​Liberal Eugenics: In Defence of Human Enhancement

(Blackwell, 2004)

Considerably less National Socialist than its cover art seems to suggest. The book argues for a constrained prerogative to use safe available technologies to choose some of our children’s characteristics. My argumentative strategy is a standard liberal one. We come to an understanding about something novel – human cloning, human genetic enhancement – by comparing it with familiar practices. If there are no morally relevant differences then a permission to engage in the familiar practice ought to translate into a permission to engage in the unfamiliar practice.

I add my voice to a collection of liberal philosophers who find that some forms of genetic enhancement are little different from the human enhancement that comes from education. I make other moral comparisons too. The onus is on those who oppose human genetic enhancement to either show that enhancement is relevantly different from the familiar practices I discuss, or to endorse the views of the Taliban on education.


​Perfect Copy: Unravelling the Cloning Debate

(Icon, 2002)

A discussion of the science behind and ethics of human cloning. A tensy bit dated now. At the time of the book’s publication Dolly the sheep was troubled only by a mild case of arthritis. The book was translated into the world’s most significant languages – Bahasa Indonesia and Slovenian. The Slovenian edition is adorned with images of Brazilian supermodel Gisele Bündchen whose copyright status is uncertain. The translator also seems to have spiced up my prose with scattered Bertold Brecht quotations. Thanks!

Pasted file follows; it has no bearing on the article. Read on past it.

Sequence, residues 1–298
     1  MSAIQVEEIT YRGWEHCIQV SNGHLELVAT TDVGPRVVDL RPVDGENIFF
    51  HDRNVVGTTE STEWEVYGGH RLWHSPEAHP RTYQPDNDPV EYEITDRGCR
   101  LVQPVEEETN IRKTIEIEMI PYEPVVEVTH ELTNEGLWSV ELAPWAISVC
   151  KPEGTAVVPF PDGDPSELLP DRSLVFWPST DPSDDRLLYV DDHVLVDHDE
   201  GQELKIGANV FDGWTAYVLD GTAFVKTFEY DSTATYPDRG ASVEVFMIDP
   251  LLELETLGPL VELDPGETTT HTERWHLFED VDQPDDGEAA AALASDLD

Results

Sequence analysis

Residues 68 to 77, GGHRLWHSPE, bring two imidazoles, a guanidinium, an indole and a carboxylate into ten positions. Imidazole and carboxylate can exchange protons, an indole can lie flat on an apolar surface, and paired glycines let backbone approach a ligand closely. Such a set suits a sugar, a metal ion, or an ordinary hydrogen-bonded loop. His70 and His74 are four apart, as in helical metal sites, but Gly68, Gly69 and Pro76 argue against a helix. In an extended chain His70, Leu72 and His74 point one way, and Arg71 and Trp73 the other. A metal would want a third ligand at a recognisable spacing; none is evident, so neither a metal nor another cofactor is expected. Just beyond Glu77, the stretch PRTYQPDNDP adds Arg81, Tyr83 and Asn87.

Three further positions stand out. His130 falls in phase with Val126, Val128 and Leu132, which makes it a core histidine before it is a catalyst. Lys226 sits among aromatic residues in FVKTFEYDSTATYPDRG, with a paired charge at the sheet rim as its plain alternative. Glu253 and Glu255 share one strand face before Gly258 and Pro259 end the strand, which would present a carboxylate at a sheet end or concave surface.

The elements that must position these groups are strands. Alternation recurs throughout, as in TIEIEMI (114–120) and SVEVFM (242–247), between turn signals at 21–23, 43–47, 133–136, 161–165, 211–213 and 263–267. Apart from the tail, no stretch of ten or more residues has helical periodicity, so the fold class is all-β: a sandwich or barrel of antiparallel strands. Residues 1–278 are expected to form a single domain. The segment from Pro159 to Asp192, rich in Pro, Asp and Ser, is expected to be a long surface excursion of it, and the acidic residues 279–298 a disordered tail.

​Life’s Intrinsic Value: Science, Ethics, and Nature

(Columbia University Press, 2001)

For the discerning collector of out-of-print academic philosophy texts! This book uses the debate in environmental ethics to explore our views about the boundaries of moral value. Environmentalists encounter a problem in arguing that nonsentient, nonrational things like ecosystems might be intrinsically valuable because our assignments of intrinsic value are guided by our assignments of psychological states. Things that are psychological (sentient or rational) are morally valuable. The book presents an argument for the existence of what I call plausible naturalizations of psychological states in nature. These plausible naturalizations extend value. They license the attribution of a discounted degree of intrinsic value to ecosystems and Kauri trees.